Despite its unassuming moniker, you won’t be forgetting Side Hotel Hamburg in a hurry – the heavy-hitter names behind its eye-popping look have seen to that: architect Jan Störmer set the bold, angular stage, Milanese designer Matteo Thun brought the ‘zen-meets-pop’ concept of Lucite-bright colours and pebble-shaped furniture, and stage-design-master Robert Wilson conceived the hypnotic light installation in the lobby. The city’s genteel lakes and high cultural institutions are just a stroll away, but with the restaurant doing a line in top-notch steaks, a heated swimming pool downstairs and the space-age Sky Lounge on the rooftop, it’s tempting to just stay put and let Hamburg’s hippest come to you.
Get this when you book through us:
A free cocktail in the Botanist Bar (one a person); for GoldSmiths, a bottle of wine in your room on arrival
Noon. Earliest check-in, 3pm. Both can be flexible, subject to availability, and late check-out is guaranteed on Sundays until 8pm.
Double rooms from £140.28 (€153), including tax at 7 per cent.
Rates don’t usually include the lavish Continental breakfast – it’s €29 a person (or €14.50 a child) for the large selection of freshly baked breads, muesli, fresh fruits and juices, cold cuts, and made-to-order eggs or waffles.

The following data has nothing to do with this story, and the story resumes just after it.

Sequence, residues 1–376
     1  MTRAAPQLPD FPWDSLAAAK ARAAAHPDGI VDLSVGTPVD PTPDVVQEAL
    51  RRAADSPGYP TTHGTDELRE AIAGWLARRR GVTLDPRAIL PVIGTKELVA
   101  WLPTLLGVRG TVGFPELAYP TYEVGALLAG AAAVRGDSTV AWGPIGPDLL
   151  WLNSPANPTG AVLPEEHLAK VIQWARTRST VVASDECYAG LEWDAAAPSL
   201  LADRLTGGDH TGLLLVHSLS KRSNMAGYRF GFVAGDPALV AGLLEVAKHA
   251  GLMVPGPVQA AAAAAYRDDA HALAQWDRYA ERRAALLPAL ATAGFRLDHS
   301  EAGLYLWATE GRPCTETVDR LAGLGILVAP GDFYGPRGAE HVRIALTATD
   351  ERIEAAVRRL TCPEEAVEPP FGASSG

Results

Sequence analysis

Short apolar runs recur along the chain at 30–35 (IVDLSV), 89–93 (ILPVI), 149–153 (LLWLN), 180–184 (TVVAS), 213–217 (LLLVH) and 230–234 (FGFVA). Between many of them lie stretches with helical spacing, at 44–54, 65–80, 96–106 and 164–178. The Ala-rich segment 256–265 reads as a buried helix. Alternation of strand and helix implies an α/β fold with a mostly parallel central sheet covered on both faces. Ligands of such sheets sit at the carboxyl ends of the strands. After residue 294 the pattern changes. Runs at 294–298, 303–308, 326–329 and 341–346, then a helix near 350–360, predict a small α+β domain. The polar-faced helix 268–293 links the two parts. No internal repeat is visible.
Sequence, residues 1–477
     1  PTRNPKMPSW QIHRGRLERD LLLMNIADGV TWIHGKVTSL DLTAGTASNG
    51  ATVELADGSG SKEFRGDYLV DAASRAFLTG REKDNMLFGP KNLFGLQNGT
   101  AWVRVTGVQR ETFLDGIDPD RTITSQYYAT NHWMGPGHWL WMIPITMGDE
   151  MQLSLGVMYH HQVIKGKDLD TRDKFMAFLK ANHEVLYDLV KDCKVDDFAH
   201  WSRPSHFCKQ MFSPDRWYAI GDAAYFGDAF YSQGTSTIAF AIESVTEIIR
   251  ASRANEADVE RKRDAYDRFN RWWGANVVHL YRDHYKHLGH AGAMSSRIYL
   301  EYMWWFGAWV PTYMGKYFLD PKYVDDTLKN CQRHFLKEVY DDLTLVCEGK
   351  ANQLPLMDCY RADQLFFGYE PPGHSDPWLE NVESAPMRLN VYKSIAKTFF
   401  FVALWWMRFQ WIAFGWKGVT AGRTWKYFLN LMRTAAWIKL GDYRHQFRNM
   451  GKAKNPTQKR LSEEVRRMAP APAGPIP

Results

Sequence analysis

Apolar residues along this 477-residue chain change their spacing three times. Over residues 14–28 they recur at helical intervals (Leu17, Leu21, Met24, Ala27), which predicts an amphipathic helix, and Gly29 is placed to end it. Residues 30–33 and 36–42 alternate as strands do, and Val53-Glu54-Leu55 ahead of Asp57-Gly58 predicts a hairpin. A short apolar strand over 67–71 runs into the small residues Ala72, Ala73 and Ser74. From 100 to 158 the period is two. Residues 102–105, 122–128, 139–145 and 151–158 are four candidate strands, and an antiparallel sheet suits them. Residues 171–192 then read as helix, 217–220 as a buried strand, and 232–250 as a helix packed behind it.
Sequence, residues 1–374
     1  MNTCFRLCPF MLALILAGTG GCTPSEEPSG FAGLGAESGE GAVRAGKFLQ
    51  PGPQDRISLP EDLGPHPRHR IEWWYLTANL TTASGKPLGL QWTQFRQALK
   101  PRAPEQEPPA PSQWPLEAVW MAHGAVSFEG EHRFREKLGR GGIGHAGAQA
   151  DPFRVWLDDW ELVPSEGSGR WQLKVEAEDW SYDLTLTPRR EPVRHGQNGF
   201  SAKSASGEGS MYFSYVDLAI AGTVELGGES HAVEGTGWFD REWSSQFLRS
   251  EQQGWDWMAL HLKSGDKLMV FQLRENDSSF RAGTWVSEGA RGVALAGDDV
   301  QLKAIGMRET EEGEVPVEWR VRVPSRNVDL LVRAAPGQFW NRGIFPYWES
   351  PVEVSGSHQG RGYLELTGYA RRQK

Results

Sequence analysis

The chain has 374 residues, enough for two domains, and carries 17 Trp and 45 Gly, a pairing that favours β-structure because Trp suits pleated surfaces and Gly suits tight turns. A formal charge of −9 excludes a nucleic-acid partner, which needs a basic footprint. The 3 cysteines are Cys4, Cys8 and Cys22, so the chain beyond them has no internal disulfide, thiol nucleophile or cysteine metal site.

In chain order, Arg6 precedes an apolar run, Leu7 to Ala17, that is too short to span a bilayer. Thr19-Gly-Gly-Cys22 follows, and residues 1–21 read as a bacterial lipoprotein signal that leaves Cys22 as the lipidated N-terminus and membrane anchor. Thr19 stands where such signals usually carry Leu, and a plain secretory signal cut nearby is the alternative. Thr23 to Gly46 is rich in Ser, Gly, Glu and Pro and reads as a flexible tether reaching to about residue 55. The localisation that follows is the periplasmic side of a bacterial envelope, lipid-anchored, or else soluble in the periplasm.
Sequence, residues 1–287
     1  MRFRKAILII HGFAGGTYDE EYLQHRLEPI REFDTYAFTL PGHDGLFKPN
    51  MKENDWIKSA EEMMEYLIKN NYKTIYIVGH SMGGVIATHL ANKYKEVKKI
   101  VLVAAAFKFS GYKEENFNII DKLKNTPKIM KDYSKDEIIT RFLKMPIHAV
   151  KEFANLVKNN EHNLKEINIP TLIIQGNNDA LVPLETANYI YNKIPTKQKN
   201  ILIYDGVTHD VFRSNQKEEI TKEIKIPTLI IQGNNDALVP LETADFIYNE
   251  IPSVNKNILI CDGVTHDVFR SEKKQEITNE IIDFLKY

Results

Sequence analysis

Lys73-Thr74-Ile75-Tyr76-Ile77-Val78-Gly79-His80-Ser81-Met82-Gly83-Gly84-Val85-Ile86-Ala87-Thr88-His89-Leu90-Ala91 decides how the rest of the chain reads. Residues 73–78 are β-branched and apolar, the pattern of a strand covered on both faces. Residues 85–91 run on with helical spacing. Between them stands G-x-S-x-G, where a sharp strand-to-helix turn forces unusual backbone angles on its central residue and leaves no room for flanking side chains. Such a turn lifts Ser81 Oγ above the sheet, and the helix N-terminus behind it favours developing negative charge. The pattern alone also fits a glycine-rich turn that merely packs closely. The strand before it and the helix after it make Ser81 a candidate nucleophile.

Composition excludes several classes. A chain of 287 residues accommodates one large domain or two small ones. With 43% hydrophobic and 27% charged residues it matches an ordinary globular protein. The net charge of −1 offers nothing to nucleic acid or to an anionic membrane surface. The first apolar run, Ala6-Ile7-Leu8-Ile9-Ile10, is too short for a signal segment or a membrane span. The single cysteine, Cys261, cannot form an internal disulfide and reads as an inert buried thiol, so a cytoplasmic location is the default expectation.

If you’re staying in the summer months, join one of the group rooftop yoga classes for cat-cow with a side of city views.
At the hotel
Free WiFi throughout, valet parking. In rooms: TV with Sky Sports, tea and Illy coffee, black-out curtains and Babor bath products.
Our favourite rooms
In contrast to the multi-sensory play of light and colour in the public spaces, the bedrooms are startlingly sober and purist in design: white beds with dark wood accents, floating glass basins and sculptural furniture. We’re fans of the Flying Suites, on the 10th and 11th storeys, for their oak floors, lacquered bath tubs and sparkling city views.
The spa’s brightly-coloured, 15-metre indoor swimming pool is heated and family-friendly.
They’ve dispensed with the standard all-white spa palette here and played with pre-school pigment instead. There’s nothing elementary about the tempting treatments, though – choices range from bespoke facials tailored to your skin type, all sorts of massages (sport, Lomi Lomi, pre-natal…), and salt scrubs. The spa also has a whirlpool, sauna, steam room and a petite gym.
Bring a big scarf and lots of layers – with its nose towards the North Sea, Hamburg can be nippy, even in summer.
The common areas and two bedrooms are adapted for wheelchair users.
All ages are very welcome, but the hotel is better suited to older children and teenagers as smaller Smiths are not particularly catered to. Babysitting is available for €25 an hour, and cribs or cots can be provided on request.
There’s no prime position at the Meatery, only prime cuts, so feel free to choose a table anywhere.